That said, how can we knock some sense into bubble blogger readers, who are posting about making offers on homes? It just boggles my mind that long-time piggington readers are out there making offers on houses! This just indicates they did not own before because they were priced out, not because they had any superior understanding of bubbles of business cycles or real estate markets.

    We need to do a serious education campaign, because our efforts have fallen short. What do you all think?

  3. k.o.

    Looking forward to all the information I’m getting from this and other sites; been recently looking around the OC area housing market even though I know I cannot afford anything right now. Keep up the good work!

  4. irvinesinglemom

    Wow, between IrvineRenter and zovall I’m almost embarassed to post my strictly amateur, “out and about” observations. You guys are the best! I’ll see what I can do to step up my contributions. We’re in this for the long haul – originally I had thought 2008 would be a reasonable time to buy but now I’m pretty convinced that 2009 makes more sense for me. We shall see how the market behaves. I look forward to being educated, entertained, and continually fascinated by my fellow bloggers and forum members as we move forward. Welcome again, IrvineRenter! (and thank your kind wife for us all, please!)

  5. Mr Vincent

    Welcome aboard and nice intro.

    I “used” to be a real estate investor here in So Cal and I look forward to your insights.

  6. norcal jeff

    Great post. I too sit on the sidelines, and not bitter 🙂 As for people buying into a falling market, I agree and see it up here as well. I think it takes a while to correct behavior, it has a lot of momentum. People are used to making money on their homes, no matter what, and are used to the feeling that they MUST own a home. Either way, they will learn the hard way. This market is so unstable and crazy I don’t know why any one would choose to buy now. I believe the territory we’re in now is unprescedented and will get worse. And the 500 point drop in the stock market is only the beginning, and will have a negative impact on RE. And before any bulls chime in, no, stock investors will NOT flee to RE for safety. That’s just absurd.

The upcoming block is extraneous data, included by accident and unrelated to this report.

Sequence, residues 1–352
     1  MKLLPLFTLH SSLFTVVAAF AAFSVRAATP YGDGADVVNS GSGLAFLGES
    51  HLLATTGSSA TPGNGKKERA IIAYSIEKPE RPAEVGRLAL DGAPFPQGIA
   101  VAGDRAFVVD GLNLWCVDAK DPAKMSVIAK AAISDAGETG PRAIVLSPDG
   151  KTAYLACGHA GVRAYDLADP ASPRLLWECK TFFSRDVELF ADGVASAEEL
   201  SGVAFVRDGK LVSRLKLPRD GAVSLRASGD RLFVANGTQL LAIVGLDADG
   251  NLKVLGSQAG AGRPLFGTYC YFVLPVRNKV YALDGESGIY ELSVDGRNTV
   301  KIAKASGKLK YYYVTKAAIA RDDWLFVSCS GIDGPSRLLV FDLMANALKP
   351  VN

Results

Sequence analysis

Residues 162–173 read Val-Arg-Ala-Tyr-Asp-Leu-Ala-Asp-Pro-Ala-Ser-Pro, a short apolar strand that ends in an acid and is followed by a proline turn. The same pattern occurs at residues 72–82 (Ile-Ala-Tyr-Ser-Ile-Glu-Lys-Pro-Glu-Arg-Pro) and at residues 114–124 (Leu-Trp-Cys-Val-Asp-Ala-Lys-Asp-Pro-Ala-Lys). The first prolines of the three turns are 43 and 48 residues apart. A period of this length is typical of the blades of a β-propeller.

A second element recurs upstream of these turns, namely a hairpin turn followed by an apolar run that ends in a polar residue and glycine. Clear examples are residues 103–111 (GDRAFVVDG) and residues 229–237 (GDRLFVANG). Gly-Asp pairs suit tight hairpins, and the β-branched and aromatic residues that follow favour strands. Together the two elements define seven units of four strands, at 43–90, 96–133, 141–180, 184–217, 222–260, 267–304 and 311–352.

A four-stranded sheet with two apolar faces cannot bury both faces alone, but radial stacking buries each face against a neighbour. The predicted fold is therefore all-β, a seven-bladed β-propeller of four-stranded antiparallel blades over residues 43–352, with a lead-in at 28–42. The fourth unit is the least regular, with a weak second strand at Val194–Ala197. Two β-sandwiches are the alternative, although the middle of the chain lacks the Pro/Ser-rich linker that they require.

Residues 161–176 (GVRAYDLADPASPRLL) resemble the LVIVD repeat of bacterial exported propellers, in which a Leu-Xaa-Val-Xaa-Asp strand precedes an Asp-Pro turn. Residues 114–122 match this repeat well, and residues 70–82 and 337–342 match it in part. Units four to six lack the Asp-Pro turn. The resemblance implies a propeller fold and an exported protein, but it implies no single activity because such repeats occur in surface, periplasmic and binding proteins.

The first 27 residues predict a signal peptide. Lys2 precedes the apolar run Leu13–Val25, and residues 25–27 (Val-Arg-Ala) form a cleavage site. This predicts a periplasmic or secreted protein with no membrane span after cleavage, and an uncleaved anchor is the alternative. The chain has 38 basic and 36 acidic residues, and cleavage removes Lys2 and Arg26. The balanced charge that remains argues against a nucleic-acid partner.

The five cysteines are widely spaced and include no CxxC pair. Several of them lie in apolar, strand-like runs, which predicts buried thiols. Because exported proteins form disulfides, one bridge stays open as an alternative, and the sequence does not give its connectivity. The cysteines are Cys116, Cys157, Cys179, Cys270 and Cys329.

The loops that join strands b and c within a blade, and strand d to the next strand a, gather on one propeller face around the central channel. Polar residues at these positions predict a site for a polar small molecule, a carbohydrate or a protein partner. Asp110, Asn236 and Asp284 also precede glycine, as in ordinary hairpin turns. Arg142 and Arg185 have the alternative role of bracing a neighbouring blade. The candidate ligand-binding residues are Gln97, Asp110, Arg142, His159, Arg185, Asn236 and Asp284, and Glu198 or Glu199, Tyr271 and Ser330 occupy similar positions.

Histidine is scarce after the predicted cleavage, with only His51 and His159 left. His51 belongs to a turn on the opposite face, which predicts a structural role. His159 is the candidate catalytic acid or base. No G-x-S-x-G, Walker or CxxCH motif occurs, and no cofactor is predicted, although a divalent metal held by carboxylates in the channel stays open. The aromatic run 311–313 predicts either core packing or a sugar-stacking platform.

7. biscuitninja

    Umm, I didn’t know you were just a part timer… ha ha! I’m always late to the party…

  8. Aneil

    I’m really glad I stumbled upon your blog. My wife and I were out looking over the last week or so just to get an idea what the different houses/developments were and how much we could get for the money. It’s great to see you lay things out like this so we have a better idea of what’s going on at the ground level.

    Thanks for putting this blog together!

  9. Rob

    Great post, and just heightens the hilarity of the NAR radio advertisements stateing that NOW is the time to buy! I seriously laugh out loud when I hear them on KFI.

  10. Amateur

    To Powayseller – it’s unfortunate, but no matter how much education and PR there will always be a number of folks who will buy “on the way down”. Unless of course they find a fantastic opportunity (e.g., 2001 price – haha).

    To Irvinesinglemom – I was also thinking 2008/2009 – Don’t you believe it depends on the rate of increase in inventory? If the RE market panics (i.e., banks) – mid to late 2008 could be a great time for those who want to find a deal.

    Does anyone think that REITs will be a popular instrument if they end up buying bulk REO-owned properties at discount? Also, who are the institutional buyers of REO props?

  11. IrvineRenter


    This expression always comes to mind: “You can lead a horse to water…” All we can do is give out unbiased facts. If people chose to buy, they can’t claim ignorance later.